You've probably seen the infomercials for lottery boxing systems. You send off your money, and you get back some templates and some rules for using them to select and play numbers. You pick more numbers than are necessary for one ticket, and then play combinations of those numbers.
For example, if you're playing a lottery which requires you to pick 6 numbers, you could pick 7 numbers and then play every six-number combination out of those seven. If your numbers were 8, 10, 15, 18, 31, 34, and 47, you would play the following seven lines:
Line 1: 10,15,18,31,34,47 Line 2: 8,15,18,31,34,47 Line 3: 8,10,18,31,34,47 Line 4: 8,10,15,31,34,47 Line 5: 8,10,15,18,34,47 Line 6: 8,10,15,18,31,47 Line 7: 8,10,15,18,31,34
One big advantage that this method is supposed to offer you is that you will often have multiple winning tickets. For example, if the winning numbers are 3, 9, 15, 18, 27, and 47, you have four lines (lines 1, 2, 5, and 6) with three of the winning numbers. If the prize for three numbers is $10, you win 40 bucks.
What they don't mention is that your increased chances of having multiple winners are exactly balanced by the increased chance that you will have no winner at all. We can see how this works by looking at a very simple example of this strategy - buying multiple tickets with exactly the same numbers.
For example, if you buy three tickets with exactly the same numbers, and three of the numbers come up, you have three winners. However, you'll have fewer weeks with winners than someone who buys three tickets each with completely different numbers. While the other person will never have three winning tickets on the same draw, he or she will have three times as many weeks with winners. In the long run, the two of you have the same chances of making money.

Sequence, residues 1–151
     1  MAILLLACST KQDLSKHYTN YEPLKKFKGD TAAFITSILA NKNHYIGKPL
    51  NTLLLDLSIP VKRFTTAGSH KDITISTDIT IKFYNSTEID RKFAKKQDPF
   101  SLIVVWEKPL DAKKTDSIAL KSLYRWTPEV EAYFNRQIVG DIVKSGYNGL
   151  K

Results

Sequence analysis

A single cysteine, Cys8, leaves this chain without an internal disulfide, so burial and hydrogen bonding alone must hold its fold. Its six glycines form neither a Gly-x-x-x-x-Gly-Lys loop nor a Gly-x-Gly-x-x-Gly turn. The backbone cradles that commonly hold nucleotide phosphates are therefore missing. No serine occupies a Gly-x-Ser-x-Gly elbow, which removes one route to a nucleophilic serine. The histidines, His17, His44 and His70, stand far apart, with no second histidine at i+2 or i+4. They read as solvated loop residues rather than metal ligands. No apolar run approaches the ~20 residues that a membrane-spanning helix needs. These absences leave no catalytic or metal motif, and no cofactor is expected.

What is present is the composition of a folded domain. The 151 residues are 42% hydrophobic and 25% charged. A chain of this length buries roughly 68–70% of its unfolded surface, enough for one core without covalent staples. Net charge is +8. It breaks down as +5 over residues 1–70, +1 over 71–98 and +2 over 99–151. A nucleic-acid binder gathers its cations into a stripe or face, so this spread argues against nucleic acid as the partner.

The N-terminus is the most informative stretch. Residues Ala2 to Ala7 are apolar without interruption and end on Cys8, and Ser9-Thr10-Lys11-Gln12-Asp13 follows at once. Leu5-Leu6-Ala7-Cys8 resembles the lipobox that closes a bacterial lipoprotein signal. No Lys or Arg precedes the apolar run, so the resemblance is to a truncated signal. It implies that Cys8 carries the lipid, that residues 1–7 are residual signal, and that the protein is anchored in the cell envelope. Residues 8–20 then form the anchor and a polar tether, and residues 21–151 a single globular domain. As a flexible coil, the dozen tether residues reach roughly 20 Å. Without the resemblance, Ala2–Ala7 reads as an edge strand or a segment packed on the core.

The other supposed big advantage is that you improve your odds. This claim will usually be true, but only in an unimportant way. If the boxing system gets you to buy more tickets, then your odds will improve. The more tickets you have, the better your odds are. To buy more tickets, though, you don't have to send away for all those plastic sheets. All you have to do is walk to the store and ask for more tickets.
The boxing of numbers does not by itself increase your chances of winning. You can only improve your odds by buying more tickets. You do not, though, improve your odds very much by buying more tickets. A little simple work with a calculator will show you that even when you buy a hundred Lotto 649 tickets a week you still can't reasonably expect to win the jackpot in the average lifetime.
There's Nothing in the Box
© John FitzGerald, 1997